Over on Channel 1, the most-watched station, a parade of politicians, analysts and religious leaders -- both Christian and Muslim -- rolled by justifying the use of force on both legal and moral grounds.
“This is more than just military strikes against Islamic State,” said the editor of National Defense magazine, Igor Korotchenko, after parliament unanimously authorized the use of force. “We are protecting the values of humanity and taking a stand against the most extreme forms of obscurantism and terror.”
What's amusing there is that as overstated as it is, that narrative is actually closer to the truth than what's being fed to the public by the Western media.
In any event, the important thing here is to cut through all of this and extract the bits that help to tell the story of what's actually taking place in Syria. As we detailed on Thursday, this is effectively a Mid-East coup by Russia and Iran wherein Tehran will replace Riyadh as the regional power broker and Moscow will supplant Washington as the superpower puppet master. And on that note, we close with another excerpt from the WSJ piece cited above:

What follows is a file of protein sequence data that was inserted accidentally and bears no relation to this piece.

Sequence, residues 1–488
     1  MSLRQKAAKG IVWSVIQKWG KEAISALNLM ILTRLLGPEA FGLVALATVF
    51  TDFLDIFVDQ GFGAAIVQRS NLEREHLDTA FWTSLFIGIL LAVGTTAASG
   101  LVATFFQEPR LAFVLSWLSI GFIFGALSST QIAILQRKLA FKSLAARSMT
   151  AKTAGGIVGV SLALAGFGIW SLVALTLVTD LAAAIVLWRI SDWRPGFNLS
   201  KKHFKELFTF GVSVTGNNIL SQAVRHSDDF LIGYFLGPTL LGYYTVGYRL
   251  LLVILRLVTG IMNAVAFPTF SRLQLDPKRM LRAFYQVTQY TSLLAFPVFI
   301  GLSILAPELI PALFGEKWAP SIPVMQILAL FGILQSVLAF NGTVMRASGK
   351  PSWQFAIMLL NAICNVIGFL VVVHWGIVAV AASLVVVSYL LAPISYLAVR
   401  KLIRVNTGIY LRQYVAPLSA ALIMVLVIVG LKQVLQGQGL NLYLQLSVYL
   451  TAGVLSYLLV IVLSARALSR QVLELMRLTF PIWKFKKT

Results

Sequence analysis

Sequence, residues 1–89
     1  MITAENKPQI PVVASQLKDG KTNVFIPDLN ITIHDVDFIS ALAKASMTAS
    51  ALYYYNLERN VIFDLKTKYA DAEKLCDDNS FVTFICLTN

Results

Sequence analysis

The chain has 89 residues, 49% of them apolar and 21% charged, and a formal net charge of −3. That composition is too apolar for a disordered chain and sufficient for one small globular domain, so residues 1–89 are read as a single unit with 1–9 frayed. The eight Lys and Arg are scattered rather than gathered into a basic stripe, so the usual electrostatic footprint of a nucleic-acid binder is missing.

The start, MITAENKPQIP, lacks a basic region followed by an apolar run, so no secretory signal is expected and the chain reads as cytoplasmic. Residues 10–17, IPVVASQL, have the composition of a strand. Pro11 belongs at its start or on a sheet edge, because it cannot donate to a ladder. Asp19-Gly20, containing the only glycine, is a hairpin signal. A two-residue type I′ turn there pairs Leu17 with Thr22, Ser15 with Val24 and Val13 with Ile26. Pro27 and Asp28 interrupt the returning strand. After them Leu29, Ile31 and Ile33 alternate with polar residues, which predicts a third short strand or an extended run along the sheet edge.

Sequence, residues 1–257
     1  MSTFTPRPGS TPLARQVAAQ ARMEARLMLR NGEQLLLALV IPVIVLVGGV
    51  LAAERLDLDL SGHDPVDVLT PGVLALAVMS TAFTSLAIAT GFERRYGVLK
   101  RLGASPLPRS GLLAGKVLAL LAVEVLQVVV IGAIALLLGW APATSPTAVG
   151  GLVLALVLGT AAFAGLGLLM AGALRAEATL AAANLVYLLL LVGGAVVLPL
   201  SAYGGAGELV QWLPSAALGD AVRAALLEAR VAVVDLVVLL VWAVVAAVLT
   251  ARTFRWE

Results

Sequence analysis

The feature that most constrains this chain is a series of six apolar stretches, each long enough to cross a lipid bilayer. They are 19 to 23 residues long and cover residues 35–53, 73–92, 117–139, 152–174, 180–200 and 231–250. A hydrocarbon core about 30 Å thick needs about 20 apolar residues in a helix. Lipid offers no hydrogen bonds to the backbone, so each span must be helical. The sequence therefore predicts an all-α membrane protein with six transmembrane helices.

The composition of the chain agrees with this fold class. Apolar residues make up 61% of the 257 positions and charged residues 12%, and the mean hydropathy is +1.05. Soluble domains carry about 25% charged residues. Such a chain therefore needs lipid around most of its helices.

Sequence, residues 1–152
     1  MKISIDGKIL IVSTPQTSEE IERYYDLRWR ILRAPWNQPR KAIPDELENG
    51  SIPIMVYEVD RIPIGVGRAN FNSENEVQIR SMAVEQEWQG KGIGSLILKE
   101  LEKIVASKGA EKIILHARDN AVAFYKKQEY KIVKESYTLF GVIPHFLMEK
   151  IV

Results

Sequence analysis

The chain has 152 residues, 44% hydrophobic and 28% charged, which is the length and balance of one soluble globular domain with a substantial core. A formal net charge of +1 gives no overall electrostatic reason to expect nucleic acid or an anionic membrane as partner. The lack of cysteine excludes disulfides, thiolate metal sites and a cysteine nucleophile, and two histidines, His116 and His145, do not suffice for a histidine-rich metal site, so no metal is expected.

Iran’s Foreign Ministry welcomed Russia’s military intervention in Syria on Thursday, saying it was the right step to fight terrorism and a move toward bringing stability to the region.
“Fighting terrorism effectively requires a strong and serious will and has to be based on cooperation with the governments of Iraq and Syria,” Marzieh Afkham, spokeswoman for the ministry, said according to Iranian media reports.
Ibrahim al-Amin, a Lebanese commentator and newspaper editor close to Hezbollah and Iran, said Moscow essentially provided a green light for a counteroffensive against rebels across the political spectrum.
“From our side, we can no longer ignore the decision of the axis of resistance, backed by Russia, to not only prevent Assad’s fall but to also weaken all his foes. All his foes without any distinction,” wrote Mr. Amin in the Lebanese daily Al-Akhbar on Thursday.
“We must benefit from Russian support to launch tough and decisive battles in several places in Syria,” he added.
Before the latest Russian intervention, Iran played a pivotal role propping-up pro-regime militias made up largely of Alawites and Shiites. It has orchestrated thousands of Shiite fighters mainly from Lebanon and Iraq with Hezbollah being in the lead.
But thousands of rebels regrouped in several enclaves north of Homs, in towns like al-Rastan and Talbiseh. Russian jets hit both civilian and military targets in these two towns and five surrounding villages, said Rashid al-Hourani, a Syrian army officer from the area who defected to the rebels in 2012.
He said the airstrikes were followed with a barrage of artillery fire from several nearby positions where pro-regime Alawite and Shiite militias, including an Iran-backed group known as the Ridha Brigade, have been massing over the past few days.